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Th6 Elizabeth Taylor Thruston


Th6 Elizabeth Taylor Thruston was the daughter of Colonel John Thruston Th7 and his first cousin Elizabeth Thruston Whiting Wh7, whose second husband was Colonel Aaron Fontaine Fo7.
Born, 1785, February 13
Married, 1804, September 11 to Worden Pope (Po6)
Died, 1838

Worden Pope and Elizabeth Taylor Thruston had children:
Po5 Patrick Henry Pope b 1806 d 1841
Po5-2 Edmund Pendleton Pope (?)**
Po5-3 Curran Pope (1813 ¬- ?)*
Po5-4 Hamilton Pope
Po5-5 Paul Pope (died in infancy)
Po5-6 Moses Pope (died in infancy)
Po5-7 Edmonia Pope (died in early womanhood)

Sources:
Birth and Marriage: Records of Thruston family by R. C. B.
Death: Thruston, Filson Club.

Appendix to Page Th6

Notes on The Records of the Thruston Family
The record of the Thruston family is a diary kept by the male members of the successive generations, each wring his own data. This diary, begun in the seventeenth century, is still in existence, owned in 1948 by Jack Thruston, the son of Doctor Charles M. Thruston.

Mr. R. C. B. Thruston had blue prints made of this diary and gave one to Mrs. George Nicholas, (Ni3-5) who has it with family records.

There is a silhouette, copied from the original, of Elizabeth Taylor Thruston Pope Th6, with her name and the date 1808, written by her son Hamilton Pope. It is was owned by Mrs. Nicholas (Ni3.4) in 1948. This was copied from the original owned by Sara Thruston Hughes,  wife of Doctor William Hughes.

From www.rootsweb.ancestry.com/~kygenweb/kybiog/jefferson/pope.w.txt
In 1779 three brothers, Benjamin Pope, William Pope and Alexander Pope, having disposed of their estates in Westmoreland County, emigrated from Pope's Creek to Kentucky County, then a County of Virginia. In 1780 Kentucky County was divided into Jefferson, Fayette and Lincoln Counties. The brothers crossed the mountains of Virginia, reached the Ohio River and came down with the current of that beautiful stream to the Falls, where the city of Louisville no stands. It was then a most dismal spot, full of swamps and ponds, and quite unhealthy. Not a house was to be seen. Nothing was visible but a fort, which was built in the early spring of 1779, and known as Patton's Fort, situated at what is now the corner of Main and Seventh streets, and in immediate proximity to the Union Depot of the Chesapeake & Ohio and other railroads.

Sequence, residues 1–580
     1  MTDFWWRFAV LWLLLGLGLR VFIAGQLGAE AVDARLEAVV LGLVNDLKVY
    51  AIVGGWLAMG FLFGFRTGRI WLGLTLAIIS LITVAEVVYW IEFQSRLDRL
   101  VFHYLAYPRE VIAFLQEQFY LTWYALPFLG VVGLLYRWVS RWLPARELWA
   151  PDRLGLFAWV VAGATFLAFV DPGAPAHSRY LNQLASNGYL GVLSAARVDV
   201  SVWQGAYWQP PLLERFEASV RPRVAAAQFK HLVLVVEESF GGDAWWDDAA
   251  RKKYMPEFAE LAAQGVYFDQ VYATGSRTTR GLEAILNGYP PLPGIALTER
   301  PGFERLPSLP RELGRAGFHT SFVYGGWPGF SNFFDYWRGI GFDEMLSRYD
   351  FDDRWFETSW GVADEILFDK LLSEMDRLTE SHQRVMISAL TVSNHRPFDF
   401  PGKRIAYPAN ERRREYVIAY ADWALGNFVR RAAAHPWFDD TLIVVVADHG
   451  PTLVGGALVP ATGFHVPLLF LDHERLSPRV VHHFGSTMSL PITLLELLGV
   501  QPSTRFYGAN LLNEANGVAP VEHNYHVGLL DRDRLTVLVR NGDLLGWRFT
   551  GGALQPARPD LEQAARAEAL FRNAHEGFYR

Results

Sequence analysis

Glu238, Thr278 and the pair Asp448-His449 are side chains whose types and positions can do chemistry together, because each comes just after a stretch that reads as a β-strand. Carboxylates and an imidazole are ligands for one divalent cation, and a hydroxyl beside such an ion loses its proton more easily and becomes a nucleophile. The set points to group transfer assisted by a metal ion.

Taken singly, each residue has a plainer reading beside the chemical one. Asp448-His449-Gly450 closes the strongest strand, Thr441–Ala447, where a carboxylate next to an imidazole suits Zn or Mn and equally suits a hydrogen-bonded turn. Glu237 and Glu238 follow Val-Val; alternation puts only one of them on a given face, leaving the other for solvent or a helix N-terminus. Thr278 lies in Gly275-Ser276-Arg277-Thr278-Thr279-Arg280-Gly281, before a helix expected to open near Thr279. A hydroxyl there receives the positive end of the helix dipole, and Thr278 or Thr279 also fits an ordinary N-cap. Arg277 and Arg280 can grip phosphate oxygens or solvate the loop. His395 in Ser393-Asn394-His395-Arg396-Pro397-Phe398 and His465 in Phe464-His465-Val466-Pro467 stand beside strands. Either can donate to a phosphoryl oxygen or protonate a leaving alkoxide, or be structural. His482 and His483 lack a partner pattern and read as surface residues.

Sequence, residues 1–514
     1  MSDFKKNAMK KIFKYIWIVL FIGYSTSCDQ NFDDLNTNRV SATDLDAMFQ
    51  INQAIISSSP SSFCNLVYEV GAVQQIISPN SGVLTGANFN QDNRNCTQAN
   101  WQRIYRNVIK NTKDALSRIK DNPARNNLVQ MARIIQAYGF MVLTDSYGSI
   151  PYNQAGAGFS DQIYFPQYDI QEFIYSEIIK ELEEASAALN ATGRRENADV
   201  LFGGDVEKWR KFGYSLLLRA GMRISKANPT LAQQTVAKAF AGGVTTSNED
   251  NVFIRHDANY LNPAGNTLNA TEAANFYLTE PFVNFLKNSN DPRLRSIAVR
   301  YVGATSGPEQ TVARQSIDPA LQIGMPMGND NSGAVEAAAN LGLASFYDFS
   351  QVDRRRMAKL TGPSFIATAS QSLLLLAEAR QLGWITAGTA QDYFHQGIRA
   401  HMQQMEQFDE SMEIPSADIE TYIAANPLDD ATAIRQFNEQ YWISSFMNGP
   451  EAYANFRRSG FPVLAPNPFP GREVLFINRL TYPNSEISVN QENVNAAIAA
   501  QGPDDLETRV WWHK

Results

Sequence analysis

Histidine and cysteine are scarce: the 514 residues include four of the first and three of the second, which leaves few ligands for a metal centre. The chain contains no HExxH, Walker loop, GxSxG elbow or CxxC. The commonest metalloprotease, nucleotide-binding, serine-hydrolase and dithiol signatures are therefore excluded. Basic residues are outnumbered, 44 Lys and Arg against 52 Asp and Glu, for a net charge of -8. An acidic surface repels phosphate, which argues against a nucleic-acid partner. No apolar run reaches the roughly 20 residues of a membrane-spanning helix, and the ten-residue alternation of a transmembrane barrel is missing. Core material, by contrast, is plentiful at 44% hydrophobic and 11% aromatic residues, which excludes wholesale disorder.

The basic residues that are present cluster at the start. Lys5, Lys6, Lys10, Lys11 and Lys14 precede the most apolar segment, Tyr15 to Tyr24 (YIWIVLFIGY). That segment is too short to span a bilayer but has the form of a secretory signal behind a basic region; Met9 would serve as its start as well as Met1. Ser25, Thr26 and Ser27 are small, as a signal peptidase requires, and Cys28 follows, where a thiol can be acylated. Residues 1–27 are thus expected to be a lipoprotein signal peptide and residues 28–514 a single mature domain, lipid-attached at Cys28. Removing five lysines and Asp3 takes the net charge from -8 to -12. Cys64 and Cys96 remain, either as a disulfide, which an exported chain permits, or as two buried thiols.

The Popes were camped outside the fort and narrowly escaped massacre (by taking refuge in the fort) from the Indians, who crossed from the Indiana side and made a determined attack upon the little garrison. At this time Worden was in his eighth year, and witnessed the onslaught of the savages. His elder brother, Nathaniel, for a time was missing, and it was feared that he had fallen a victim to the tomahawk, but happily no such fate had overtaken him. The depreciated value of Continental currency at this period is shown by the fact that the Popes paid $150 for a bushel of corn. About this time General Clarke took the British Forts of Kaskaskia, Cahokia and Vincennes, which checked the incursions of the Indians and afforded to the country about the Falls comparative security. In 1779, or early 1780, Benjamin Pope removed his family to a forth which stood on the north bank of Salt River, now a part of Bullitt County. It was here and on the path leading to the ferry, about to be mentioned, that George May, a surveyor of Jefferson County, and a party of followers, excepting one, were waylaid and murdered by the Indians. The escape of the one man, whose name was Hardin, would furnish a thrilling episode, but it would perhaps be a digression to insert its details in this narrative. It was in the midst of such stirring scenes that Worden Pope passed his boyhood and early manhood. Benjamin Pope resided here with his family for several years, and in 1787 bought a tract of land on Salt River, opposite the Fort, which is now owned and cultivated by James Y. Pope, one of the first citizens of Bullitt County, and a cousin of Worden Pope. Benjamin Pope established a ferry at his house, which carried passengers across Salt River, and was much traveled by persons going to Bardstown and other points. Worden Pope was put in charge of the ferry.